Spring Break Road Trip 2022 | Day 2 | Pineville, MO to Ozone, AR | Visiting Pea Ridge National Military Park | Hiking to Hawksbill Crag | February 2022
Our second morning of vacation started off cold, so we hurried to pack up our things and get into our warm car. We started our day with driving to Arkansas, where our first stop was Pea Ridge National Military Park. The visitor’s center was closed, and there was lots of construction on the access road, but they were kind enough to set out copies of the cancellation stamps so we didn’t miss out on anything. We picked up a map and our stamps, then began our drive around the large park learning about the history that took place here.
Curtis: Despite the fervent ‘slave state’ status that the Bloody Kansas period would have people believed, Missouri found itself with a large share of abolitionist minded people at the beginning of the Civil War, with some figures claiming that Missouri was 3:1 in favor of the union. This didn’t prevent the Missouri Governor from taking a firm pro-Confederacy stance and conducting some shady dealings to maneuver Missouri to secede. But by the end of Summer 1861, a small Federal force out of Saint Louis had forcibly removed Confederate politicians from Jefferson City to Neosho, MO and called for a re-election of those vacant seats – effectively creating two state governments. The Missouri populace found themselves similarly divided, with two state militias being formed: The pro-Union Missouri Home Guard, and the pro-Confederacy Missouri State Guard, and small pitched battles like that at Athens, Missouri were common.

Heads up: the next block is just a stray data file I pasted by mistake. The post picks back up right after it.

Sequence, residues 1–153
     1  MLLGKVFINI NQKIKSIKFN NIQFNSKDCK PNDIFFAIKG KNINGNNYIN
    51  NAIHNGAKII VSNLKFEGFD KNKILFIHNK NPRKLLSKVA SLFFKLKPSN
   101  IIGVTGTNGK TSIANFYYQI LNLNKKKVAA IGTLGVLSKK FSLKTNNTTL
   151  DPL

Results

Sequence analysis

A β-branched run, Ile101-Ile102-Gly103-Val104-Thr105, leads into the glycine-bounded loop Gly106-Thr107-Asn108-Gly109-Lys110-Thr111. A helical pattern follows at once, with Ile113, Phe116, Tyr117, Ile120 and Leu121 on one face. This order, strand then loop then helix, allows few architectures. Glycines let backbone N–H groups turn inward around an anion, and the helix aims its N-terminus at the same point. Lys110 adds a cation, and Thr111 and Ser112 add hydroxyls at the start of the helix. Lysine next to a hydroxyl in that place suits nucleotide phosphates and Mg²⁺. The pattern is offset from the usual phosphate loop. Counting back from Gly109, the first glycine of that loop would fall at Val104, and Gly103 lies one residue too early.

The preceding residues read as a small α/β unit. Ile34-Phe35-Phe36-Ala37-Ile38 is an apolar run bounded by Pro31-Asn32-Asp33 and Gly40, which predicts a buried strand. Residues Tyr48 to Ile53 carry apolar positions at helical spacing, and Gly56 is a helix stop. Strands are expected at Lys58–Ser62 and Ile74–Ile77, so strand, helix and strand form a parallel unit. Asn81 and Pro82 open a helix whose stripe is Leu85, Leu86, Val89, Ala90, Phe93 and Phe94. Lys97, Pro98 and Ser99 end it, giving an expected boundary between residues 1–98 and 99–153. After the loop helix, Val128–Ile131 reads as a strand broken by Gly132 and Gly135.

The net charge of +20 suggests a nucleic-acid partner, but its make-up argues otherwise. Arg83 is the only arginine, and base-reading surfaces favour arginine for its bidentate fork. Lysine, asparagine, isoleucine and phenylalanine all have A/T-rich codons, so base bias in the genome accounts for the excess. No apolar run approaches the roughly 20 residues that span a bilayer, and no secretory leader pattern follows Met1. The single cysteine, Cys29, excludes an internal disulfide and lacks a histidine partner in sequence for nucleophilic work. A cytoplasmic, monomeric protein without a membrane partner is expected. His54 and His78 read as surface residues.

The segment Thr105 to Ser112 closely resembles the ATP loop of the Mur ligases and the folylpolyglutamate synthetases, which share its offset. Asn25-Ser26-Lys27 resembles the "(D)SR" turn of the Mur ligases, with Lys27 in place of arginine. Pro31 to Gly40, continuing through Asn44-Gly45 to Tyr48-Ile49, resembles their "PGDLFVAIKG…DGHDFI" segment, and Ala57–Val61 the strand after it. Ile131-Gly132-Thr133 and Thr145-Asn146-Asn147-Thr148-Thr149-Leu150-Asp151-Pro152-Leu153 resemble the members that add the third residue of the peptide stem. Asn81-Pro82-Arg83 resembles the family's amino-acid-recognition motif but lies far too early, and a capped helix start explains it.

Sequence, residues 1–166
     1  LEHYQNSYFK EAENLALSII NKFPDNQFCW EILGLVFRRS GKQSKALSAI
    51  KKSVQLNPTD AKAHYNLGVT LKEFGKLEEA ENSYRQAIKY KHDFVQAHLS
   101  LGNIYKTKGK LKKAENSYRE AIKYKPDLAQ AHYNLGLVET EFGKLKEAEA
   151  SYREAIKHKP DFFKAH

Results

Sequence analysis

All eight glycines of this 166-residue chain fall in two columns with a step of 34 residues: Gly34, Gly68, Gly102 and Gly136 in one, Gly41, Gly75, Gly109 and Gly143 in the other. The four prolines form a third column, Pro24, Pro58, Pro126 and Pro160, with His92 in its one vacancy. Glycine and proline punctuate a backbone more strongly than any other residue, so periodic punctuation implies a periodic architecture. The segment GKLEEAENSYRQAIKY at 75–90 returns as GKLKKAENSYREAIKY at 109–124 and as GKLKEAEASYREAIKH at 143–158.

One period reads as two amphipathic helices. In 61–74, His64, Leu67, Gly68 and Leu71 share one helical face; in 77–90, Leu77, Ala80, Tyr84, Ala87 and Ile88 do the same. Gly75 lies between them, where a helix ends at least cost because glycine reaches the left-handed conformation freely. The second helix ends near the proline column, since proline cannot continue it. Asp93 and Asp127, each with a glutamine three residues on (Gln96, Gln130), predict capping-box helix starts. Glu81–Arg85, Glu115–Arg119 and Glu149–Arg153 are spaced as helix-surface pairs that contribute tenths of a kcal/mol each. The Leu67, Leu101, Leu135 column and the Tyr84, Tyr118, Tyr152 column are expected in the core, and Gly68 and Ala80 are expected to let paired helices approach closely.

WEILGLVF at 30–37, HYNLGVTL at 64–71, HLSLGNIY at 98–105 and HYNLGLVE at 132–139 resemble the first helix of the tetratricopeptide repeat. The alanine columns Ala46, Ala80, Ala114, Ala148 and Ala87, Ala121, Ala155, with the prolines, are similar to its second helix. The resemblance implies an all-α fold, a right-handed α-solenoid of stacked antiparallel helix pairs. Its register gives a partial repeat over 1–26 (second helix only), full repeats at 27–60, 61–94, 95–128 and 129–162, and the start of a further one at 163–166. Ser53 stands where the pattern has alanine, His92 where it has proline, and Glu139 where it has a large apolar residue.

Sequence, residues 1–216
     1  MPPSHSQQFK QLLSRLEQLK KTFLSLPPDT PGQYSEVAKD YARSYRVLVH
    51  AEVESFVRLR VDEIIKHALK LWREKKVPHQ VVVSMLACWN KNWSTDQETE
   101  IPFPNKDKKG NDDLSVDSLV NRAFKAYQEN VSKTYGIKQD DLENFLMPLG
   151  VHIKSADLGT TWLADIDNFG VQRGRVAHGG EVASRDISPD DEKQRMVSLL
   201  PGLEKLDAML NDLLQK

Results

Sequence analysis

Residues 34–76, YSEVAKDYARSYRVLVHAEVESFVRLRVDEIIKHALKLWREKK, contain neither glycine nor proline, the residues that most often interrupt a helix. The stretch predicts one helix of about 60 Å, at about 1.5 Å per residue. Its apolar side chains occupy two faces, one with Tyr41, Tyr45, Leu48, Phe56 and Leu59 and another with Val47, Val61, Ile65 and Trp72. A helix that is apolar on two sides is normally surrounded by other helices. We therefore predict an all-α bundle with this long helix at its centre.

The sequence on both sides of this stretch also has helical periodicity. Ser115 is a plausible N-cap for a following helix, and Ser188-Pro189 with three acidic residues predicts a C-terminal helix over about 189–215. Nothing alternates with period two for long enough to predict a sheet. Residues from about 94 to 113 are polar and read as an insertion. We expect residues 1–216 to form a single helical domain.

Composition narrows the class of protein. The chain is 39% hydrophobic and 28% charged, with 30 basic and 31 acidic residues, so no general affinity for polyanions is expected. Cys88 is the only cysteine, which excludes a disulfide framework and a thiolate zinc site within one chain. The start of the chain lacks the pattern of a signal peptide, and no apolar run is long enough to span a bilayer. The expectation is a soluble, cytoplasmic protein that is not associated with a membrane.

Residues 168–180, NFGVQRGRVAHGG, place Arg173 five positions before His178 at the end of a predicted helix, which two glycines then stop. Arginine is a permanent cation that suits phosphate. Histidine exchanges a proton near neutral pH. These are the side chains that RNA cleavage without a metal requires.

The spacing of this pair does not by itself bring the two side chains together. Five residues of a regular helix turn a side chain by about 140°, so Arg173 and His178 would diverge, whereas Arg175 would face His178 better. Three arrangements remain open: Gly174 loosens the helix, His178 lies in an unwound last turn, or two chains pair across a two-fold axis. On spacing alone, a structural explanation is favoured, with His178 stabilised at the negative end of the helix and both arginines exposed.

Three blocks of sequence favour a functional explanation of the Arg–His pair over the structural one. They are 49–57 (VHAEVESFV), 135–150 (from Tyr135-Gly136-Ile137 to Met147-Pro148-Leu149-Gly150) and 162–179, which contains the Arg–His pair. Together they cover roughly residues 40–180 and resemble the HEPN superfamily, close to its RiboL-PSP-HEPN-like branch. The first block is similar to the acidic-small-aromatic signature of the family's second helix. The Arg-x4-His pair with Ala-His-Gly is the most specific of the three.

By the end of 1861, the two sides had coalesced into larger fielded armies, with the Federal Army supplanting the Home Guard. Through actions at Wilson’s Creek and Lexington, this Federal Army was successful in pushing the Confederate Missouri Government and its State Guard, under General Price, out of the state altogether and into the Bentonville/Boston Mountains region of Northwest Arkansas. Due to lengthening supply lines, the Federal commander, General Curtis, was unable to push further into Arkansas and instead fortified their position. The confederates, now unified under the Confederate General Van Dorn, and reorganized as an Army of the Confederacy, sought to reclaim some part of Missouri, and conducted a forced march into the Federal rear (North). Tipped off, the Federals were able to turn their lines about and engaged with the enemy in the open fields beneath Pea Ridge on March 7, 1862. By the end of the day, both armies were in much the same position as before having engaged on two fronts, though the Confederacy had managed to seize a critical cross-roads near Elkhorn Tavern. The next day however, the Federal Army formed a line of some 10,000 men – a feat that would have been visible (and some believe it to have been the only time an entire Army would have been visible in such a way during the entire war) from a prominent rock outcrop near the Confederate line – and began a lethal cannonade that destroyed the Confederate line, leading to a general retreat and a decisive Union victory.
With the Confederate Army in general retreat, General Van Dorn was unable to rally his troops and many of the State Guard troops deserted and returned north to their homes. This left no fielded Confederate forces in Arkansas for the foreseeable future allowing the Federal Army to move deeper into Arkansas towards Little Rock, and removed any substantial threat to Missouri for the remainder of the war, though guerrilla operations from those same State Guard troops would plague the Missourian countryside well after the war was over.